Making Yorkshire Pudding is easier and quicker than buying pre-made. It is also yields incomparably better puddings- like the difference between freshly fried and microwave chips, instant and fresh coffee, or a nice bottle of Laphroaig and that cleaning stuff I get from the garage down the road when I am really desperate. As with pork crackling recipes, I have noticed there is a lot of useless methodology circulated by otherwise perfectly respectable chefs and food writers. And again, as with pork crackling, I have endeavoured to boil off the nonsense and reduce the watery stock of fable down to a poignant syrup of practical advice.
QUICK SUMMARY RECIPE FOR IMPATIENT BROWSERS:
- Make batter: A. Put some plain flour in a bowl (no point measuring – see below) B. Crack in an egg, and whisk to a smooth stiff paste- preferably no thinner than thick porridge. If it is too dry, add more egg (and then flour), if it is too runny, just add more flour C. Whisk in milk until the batter is the consistency of double cream
- Get metal receptacle for your pudding (the shape affects the manner in which the pudding will rise). Does not need preheating or anything like that, despite what you may have heard (see below)
- Add oil (roasting fat is best but not vital) to cooking receptacle. Again, despite popular myths, no preheating is required (see below). Add more oil than you think- the batter needs to be covered. At least 1 cm deep oil is a good guide
- Pour batter into tin / receptacle. It is best to pour into centre of oil. Do not pour in too much: the batter should be floating in a coat of oil like a big yolk in albumin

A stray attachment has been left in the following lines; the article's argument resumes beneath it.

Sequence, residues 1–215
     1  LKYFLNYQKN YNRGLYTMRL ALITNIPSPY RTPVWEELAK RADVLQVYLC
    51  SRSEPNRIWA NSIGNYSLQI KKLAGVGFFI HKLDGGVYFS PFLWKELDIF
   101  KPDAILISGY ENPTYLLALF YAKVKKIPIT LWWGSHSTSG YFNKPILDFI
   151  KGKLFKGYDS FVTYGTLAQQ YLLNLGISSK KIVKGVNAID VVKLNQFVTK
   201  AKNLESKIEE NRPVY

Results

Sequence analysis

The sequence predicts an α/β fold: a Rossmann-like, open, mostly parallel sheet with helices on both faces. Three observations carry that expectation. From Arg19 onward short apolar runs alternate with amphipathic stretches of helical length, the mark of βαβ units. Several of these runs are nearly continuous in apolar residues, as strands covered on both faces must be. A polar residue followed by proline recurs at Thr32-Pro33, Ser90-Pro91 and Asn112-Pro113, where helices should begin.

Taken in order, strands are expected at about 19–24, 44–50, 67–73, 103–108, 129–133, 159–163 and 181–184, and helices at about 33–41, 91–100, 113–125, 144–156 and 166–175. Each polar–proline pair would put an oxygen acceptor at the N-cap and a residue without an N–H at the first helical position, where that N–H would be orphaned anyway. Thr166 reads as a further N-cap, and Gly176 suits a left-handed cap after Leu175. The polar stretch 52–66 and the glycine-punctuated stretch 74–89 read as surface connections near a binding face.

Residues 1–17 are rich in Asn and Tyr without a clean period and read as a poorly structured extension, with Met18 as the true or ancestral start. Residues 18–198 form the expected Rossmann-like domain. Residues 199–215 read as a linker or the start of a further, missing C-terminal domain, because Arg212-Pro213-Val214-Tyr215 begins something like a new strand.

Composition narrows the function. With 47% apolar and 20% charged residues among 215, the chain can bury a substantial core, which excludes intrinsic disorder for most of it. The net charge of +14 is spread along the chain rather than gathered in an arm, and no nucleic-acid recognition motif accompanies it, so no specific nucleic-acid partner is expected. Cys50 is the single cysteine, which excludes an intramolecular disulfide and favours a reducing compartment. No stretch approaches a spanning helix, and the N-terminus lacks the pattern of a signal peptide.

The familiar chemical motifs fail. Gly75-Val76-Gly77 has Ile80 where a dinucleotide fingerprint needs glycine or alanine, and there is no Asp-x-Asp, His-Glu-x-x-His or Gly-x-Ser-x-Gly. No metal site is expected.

- Place in a 200˚C oven. Do not open the door until puddings have puffed and set- they will go a light brown on top where the oven is hottest. Should take 15-20 minutes
puddings rise fast but then collapse quickly
- Use a higher proportion of egg in the batter. Egg makes it hold.
- The oven is too hot: the pudding rises too fast and it wont cook through before they start to burn. The heat needs time to penetrate to the cooler centre of the batter while not burning the outside. Reduce the heat (next time)
Pudding is too crunchy, even chalky, or a wee bit plasticky
- Use a lower proportion of egg / higher proportion of milk in the batter
-You are eating a poor quality toy, not your Yorkshire pudding
Don’t bother weighing the flour. After a couple of times you will know roughly how much to use. The final consistency of the batter is all that matters, and that is determined by the amount of milk you add. This can only be done by feel- trying to measure the milk according to some recipe is only going to leave the end result to chance.
The amount of flour you use really only determines how much wastage you have at the end. This is only worth worrying about when you have got the technique down. Although I hate food wastage In general, I see it as something of a necessary evil when learning and practising. It is only a little dairy down the drain for the minute.
Determining the amount of flour is like choosing the size of a canvas before you start painting. Maybe.
Okay, if you want me to be specific, start with a mug full of flour. Or a small mango sized heap. God, just put some flour in a bowl, you’ll get the hang of it.
The proportion of egg you use affects how much the pudding rises and how solid it is at the end of cooking.